Jim and Alan would see each other from time to time at astronaut reunions or in airports, and when they parted company, Jim would put his arm around Alan and would say, "Well, I hope I see you again soon, brother." It was a surprise for Alan the first few times as that isn't the way one astronaut talks to another, and Alan didn't know what to say. Jim Irwin died of a heart attack in 1991 at the age of sixty-one. Alan regretted his inability to speak about how he really felt to this day. He thinks of Jim often and misses him and respects him as a brother he never had.
On this painting, Bean writes the title 'My Brother, Jim Irwin' on both reverse plywood and frame. The auction lot includes a 5"x7" image of the painting, a transparency and an Apollo art book where he explains the process behind creating this painting in both images and words, all signed by Alan Bean.
Online bidding is available at http://www.RegencySuperior.com, and includes description, estimates and up-to-date opening bids. Additionally, collectors will be able to bid live online during the sale which begins at 11am Central Time, Wednesday, January 6th.
Reviews of Alan Bean’s artwork:
Louis A. Zona, Director and Chief Curator, The Butler Institute of American Art
As works of art, the paintings of Alan Bean might very well be seen as the contemporary counterpart of the 19th century landscapes of Bierstadt and Thomas Moran. Both of these actually were doing much more than documenting geography. They were, in fact, creating powerful and engaging works of art that are aesthetically splendid. Alan Bean's paintings, with their magical sense of light and wondrous ability to reveal subtleties, delight us on purely aesthetic levels, independent of their scientific message. Great art, after all, speaks in universals and moves well beyond message. Just as Michelangelo's works can be appreciated even by those who are not aware of their religious significance, the art of Alan Bean, I believe, will have a staying power by virtue of the skillful application of paint, outstanding composition and overall artistry. Generations to come may indeed place the name Alan Bean next to that of Bierstadt and Moran – it would certainly be appropriate.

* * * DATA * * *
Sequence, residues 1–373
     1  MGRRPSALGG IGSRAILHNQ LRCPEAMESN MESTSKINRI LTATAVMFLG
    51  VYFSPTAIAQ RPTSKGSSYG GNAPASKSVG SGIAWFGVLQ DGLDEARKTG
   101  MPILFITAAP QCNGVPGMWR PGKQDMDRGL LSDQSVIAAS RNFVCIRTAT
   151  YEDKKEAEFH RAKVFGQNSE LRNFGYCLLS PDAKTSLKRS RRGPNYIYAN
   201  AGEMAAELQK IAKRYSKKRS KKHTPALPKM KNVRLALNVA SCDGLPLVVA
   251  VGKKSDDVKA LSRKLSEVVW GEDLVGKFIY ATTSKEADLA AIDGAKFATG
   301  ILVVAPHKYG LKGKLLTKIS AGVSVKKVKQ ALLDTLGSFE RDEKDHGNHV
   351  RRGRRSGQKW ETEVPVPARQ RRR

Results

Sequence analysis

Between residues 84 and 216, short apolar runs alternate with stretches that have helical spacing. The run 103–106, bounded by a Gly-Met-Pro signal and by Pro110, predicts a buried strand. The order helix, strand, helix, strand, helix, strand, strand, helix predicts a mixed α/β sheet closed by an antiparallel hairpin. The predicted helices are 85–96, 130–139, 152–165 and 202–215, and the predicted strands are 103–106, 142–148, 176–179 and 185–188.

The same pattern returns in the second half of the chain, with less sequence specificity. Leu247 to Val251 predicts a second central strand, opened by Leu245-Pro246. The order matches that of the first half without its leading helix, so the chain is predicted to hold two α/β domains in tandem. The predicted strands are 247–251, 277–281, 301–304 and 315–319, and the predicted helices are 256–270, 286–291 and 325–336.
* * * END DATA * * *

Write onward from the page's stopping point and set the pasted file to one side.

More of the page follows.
Neil Armstrong, Apollo Astronaut
Alan Bean and his astroartistry recreate the drama and excitement of man's exploration of the moon as only could be chronicled by one who has been there.
Buzz Aldrin, Apollo Astronaut
These paintings capture the spirit of our highest hopes and aspirations. As a nation we set our sights to accomplish a near-impossible goal of walking on the moon. Only one artist was present to witness and tell the story.
Tom Hanks, Actor and Academy Award Winner
What one must understand about Alan Bean is he is the only artist to have ever walked on the moon. No poet has ever been to the lunar surface, nor any journalist, architect nor songwriter. In the realm of the Arts, it has fallen upon Alan Bean to be the one moonwalker to turn hard data brought back from the moon into something other than numbered photographs. The images that Al has committed to canvas, then, are important, inspiring, and priceless works of art. Not only has he painted the moon, he's been there.
John Glenn, U.S. Senator and NASA Astronaut
He saw the same monochromatic world as the other astronauts, yet with an artist's eye he also saw intrinsic beauty in the rocks and boulders and their textures and shapes.